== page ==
I'm not really sure why it works, but it does. I've seen trout come up to inspect the dry and then turn and take the nymph. I've caught far more trout on a nymph than on a dry, and usually in that configuration. I've also been in a few situations where I've caught more on the dry than on the nymph. This eventually leads me to cutting the dropper of and going dry only. Think of it as being a way of fishing two flies to find out what they are going after.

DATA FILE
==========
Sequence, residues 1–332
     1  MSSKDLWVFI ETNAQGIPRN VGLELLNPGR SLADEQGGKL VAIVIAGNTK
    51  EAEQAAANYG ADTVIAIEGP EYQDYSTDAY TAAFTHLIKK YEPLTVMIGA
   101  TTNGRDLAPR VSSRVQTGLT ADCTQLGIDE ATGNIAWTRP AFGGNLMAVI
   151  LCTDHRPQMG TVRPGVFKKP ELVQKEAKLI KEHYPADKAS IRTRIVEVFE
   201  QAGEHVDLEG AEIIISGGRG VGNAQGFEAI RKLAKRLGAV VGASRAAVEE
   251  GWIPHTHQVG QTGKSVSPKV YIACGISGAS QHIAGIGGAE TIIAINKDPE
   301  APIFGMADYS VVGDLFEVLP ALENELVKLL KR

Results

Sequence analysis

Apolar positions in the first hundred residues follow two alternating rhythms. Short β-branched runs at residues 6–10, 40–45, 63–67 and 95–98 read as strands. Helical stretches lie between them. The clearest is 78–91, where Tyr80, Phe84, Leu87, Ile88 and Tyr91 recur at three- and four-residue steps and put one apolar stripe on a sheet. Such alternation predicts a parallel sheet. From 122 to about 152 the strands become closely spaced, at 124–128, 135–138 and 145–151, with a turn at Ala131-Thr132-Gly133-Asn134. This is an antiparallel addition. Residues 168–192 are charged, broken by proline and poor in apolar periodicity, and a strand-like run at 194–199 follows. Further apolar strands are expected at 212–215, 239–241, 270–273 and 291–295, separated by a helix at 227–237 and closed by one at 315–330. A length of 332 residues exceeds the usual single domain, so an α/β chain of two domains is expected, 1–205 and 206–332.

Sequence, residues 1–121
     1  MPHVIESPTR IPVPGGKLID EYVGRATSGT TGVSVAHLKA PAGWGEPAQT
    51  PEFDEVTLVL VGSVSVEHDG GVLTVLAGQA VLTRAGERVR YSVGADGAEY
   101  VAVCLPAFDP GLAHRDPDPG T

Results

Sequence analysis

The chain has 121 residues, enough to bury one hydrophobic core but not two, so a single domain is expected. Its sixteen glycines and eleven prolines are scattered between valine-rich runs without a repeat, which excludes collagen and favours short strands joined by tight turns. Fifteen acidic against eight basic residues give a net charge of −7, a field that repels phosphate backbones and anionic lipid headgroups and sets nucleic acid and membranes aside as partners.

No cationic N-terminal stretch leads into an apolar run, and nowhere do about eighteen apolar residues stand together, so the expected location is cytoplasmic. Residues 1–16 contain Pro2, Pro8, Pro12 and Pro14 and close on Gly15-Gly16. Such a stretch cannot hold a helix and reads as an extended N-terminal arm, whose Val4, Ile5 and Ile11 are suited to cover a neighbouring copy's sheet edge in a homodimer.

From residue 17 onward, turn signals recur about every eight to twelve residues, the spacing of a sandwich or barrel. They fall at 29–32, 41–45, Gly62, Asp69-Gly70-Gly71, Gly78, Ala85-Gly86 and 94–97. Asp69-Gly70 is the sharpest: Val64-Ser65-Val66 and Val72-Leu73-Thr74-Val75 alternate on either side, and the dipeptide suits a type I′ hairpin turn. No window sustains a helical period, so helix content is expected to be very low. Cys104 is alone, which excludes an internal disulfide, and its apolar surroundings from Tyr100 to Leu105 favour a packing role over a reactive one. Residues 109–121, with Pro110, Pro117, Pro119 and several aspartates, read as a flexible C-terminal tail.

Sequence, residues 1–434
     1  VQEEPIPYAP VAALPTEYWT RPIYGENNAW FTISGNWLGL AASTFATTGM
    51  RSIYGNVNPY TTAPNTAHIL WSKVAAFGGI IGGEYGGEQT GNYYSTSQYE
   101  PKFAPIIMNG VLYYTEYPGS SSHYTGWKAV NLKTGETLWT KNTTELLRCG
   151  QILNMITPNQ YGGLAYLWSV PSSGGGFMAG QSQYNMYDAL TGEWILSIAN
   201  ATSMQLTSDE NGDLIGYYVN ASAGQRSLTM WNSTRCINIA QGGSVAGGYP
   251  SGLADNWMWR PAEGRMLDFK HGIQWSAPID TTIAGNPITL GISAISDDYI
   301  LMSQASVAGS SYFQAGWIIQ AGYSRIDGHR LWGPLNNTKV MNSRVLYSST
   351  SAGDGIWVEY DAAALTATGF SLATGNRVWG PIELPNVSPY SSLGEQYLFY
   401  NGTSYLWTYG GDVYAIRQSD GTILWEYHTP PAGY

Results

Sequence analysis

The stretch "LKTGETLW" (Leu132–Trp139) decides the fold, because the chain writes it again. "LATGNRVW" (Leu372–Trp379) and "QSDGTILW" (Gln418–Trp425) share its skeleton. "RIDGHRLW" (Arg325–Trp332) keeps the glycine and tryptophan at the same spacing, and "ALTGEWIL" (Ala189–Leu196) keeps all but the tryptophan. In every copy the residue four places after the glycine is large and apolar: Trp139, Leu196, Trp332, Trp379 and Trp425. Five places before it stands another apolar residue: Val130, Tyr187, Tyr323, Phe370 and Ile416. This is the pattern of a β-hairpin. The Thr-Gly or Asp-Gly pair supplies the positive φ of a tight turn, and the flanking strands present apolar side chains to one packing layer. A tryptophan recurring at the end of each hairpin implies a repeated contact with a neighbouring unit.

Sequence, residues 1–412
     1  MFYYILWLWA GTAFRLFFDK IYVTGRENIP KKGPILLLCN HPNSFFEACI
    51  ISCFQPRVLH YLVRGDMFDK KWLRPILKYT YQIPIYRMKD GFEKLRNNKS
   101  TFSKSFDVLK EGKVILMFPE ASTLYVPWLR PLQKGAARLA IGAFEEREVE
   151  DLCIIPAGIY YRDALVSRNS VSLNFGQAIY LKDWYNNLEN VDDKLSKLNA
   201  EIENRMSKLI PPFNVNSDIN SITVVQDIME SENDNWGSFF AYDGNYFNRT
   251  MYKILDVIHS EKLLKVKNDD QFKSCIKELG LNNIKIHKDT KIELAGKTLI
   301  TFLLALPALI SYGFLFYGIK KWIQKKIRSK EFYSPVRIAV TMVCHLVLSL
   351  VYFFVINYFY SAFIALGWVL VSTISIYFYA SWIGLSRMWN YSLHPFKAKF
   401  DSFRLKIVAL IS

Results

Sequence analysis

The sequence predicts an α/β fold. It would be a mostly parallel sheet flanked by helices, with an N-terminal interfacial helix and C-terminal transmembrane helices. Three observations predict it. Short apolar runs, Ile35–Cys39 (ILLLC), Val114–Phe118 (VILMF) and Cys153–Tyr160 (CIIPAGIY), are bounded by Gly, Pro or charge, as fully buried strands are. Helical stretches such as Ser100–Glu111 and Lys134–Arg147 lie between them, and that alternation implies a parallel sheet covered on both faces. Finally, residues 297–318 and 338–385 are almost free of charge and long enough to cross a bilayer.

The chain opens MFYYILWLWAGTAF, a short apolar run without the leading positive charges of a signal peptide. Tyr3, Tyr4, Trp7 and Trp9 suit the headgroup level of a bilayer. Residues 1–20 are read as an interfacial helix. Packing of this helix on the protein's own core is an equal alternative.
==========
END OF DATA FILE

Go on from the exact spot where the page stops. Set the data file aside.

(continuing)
In case you are not sure how to do this, the method I use is to tie about 18" of tippet (I usually go with 5 or 6x in the park) to the bend of the dry fly hook, and then tie on the nymph. The most important thing though is to look at the water and figure out what is going on. I've actually fished a dry with a terrestrial dropper, just don't put any floatant on the terrestrial fishing it as a wet fly.